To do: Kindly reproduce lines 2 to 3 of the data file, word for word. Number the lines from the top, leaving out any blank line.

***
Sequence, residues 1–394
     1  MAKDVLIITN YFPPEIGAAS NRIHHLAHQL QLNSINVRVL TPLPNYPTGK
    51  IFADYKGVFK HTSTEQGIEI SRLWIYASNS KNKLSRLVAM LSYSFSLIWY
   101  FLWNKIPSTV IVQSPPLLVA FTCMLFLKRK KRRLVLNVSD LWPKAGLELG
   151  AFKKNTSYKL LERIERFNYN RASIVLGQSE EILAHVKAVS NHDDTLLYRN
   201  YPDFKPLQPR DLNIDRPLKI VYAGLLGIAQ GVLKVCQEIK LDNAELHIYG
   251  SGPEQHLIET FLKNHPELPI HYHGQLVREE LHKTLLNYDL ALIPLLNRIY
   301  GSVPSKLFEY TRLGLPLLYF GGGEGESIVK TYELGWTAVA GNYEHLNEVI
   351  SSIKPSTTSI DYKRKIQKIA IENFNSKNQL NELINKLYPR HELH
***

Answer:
     1  MAKDVLIITN YFPPEIGAAS NRIHHLAHQL QLNSINVRVL TPLPNYPTGK
    51  IFADYKGVFK HTSTEQGIEI SRLWIYASNS KNKLSRLVAM LSYSFSLIWY